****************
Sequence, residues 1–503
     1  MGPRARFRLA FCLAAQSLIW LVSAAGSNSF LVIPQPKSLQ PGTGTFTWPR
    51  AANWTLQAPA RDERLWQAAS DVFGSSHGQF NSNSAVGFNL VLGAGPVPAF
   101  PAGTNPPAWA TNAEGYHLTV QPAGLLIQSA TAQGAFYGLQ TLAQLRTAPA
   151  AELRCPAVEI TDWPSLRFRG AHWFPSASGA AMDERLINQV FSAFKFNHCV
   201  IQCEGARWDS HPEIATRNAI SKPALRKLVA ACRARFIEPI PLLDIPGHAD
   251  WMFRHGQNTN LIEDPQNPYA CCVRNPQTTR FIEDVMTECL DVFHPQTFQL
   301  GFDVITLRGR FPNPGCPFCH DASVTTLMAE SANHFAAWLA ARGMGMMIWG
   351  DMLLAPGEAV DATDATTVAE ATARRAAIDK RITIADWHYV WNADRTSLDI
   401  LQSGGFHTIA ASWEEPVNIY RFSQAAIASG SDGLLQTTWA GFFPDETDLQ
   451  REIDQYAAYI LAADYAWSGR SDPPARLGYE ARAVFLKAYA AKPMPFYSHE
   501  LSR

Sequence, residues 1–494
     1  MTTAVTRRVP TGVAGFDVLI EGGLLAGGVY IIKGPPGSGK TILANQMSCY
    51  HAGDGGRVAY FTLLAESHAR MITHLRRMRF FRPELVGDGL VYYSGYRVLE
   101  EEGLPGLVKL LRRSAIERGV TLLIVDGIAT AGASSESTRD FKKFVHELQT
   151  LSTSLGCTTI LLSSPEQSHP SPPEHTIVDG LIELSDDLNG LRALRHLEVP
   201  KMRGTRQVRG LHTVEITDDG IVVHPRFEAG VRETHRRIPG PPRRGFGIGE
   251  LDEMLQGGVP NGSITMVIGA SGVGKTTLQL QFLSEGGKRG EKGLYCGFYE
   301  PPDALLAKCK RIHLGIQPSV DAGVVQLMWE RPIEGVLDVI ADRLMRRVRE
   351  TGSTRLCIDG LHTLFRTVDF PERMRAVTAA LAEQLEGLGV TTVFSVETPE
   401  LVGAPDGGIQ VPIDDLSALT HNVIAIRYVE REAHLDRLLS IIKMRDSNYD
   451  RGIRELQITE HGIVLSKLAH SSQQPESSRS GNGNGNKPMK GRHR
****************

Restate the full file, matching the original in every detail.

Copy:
Sequence, residues 1–503
     1  MGPRARFRLA FCLAAQSLIW LVSAAGSNSF LVIPQPKSLQ PGTGTFTWPR
    51  AANWTLQAPA RDERLWQAAS DVFGSSHGQF NSNSAVGFNL VLGAGPVPAF
   101  PAGTNPPAWA TNAEGYHLTV QPAGLLIQSA TAQGAFYGLQ TLAQLRTAPA
   151  AELRCPAVEI TDWPSLRFRG AHWFPSASGA AMDERLINQV FSAFKFNHCV
   201  IQCEGARWDS HPEIATRNAI SKPALRKLVA ACRARFIEPI PLLDIPGHAD
   251  WMFRHGQNTN LIEDPQNPYA CCVRNPQTTR FIEDVMTECL DVFHPQTFQL
   301  GFDVITLRGR FPNPGCPFCH DASVTTLMAE SANHFAAWLA ARGMGMMIWG
   351  DMLLAPGEAV DATDATTVAE ATARRAAIDK RITIADWHYV WNADRTSLDI
   401  LQSGGFHTIA ASWEEPVNIY RFSQAAIASG SDGLLQTTWA GFFPDETDLQ
   451  REIDQYAAYI LAADYAWSGR SDPPARLGYE ARAVFLKAYA AKPMPFYSHE
   501  LSR

Sequence, residues 1–494
     1  MTTAVTRRVP TGVAGFDVLI EGGLLAGGVY IIKGPPGSGK TILANQMSCY
    51  HAGDGGRVAY FTLLAESHAR MITHLRRMRF FRPELVGDGL VYYSGYRVLE
   101  EEGLPGLVKL LRRSAIERGV TLLIVDGIAT AGASSESTRD FKKFVHELQT
   151  LSTSLGCTTI LLSSPEQSHP SPPEHTIVDG LIELSDDLNG LRALRHLEVP
   201  KMRGTRQVRG LHTVEITDDG IVVHPRFEAG VRETHRRIPG PPRRGFGIGE
   251  LDEMLQGGVP NGSITMVIGA SGVGKTTLQL QFLSEGGKRG EKGLYCGFYE
   301  PPDALLAKCK RIHLGIQPSV DAGVVQLMWE RPIEGVLDVI ADRLMRRVRE
   351  TGSTRLCIDG LHTLFRTVDF PERMRAVTAA LAEQLEGLGV TTVFSVETPE
   401  LVGAPDGGIQ VPIDDLSALT HNVIAIRYVE REAHLDRLLS IIKMRDSNYD
   451  RGIRELQITE HGIVLSKLAH SSQQPESSRS GNGNGNKPMK GRHR